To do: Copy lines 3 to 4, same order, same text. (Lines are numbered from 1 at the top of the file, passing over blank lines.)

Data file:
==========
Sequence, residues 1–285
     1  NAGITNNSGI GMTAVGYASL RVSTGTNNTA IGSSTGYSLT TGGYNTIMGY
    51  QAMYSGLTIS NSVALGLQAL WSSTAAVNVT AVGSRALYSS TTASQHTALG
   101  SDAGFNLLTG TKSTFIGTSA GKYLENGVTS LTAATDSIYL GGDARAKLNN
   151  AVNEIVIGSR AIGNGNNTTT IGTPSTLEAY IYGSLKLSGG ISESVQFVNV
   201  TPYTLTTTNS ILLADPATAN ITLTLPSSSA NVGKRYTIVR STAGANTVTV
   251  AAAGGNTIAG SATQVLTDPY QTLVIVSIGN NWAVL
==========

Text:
    51  QAMYSGLTIS NSVALGLQAL WSSTAAVNVT AVGSRALYSS TTASQHTALG
   101  SDAGFNLLTG TKSTFIGTSA GKYLENGVTS LTAATDSIYL GGDARAKLNN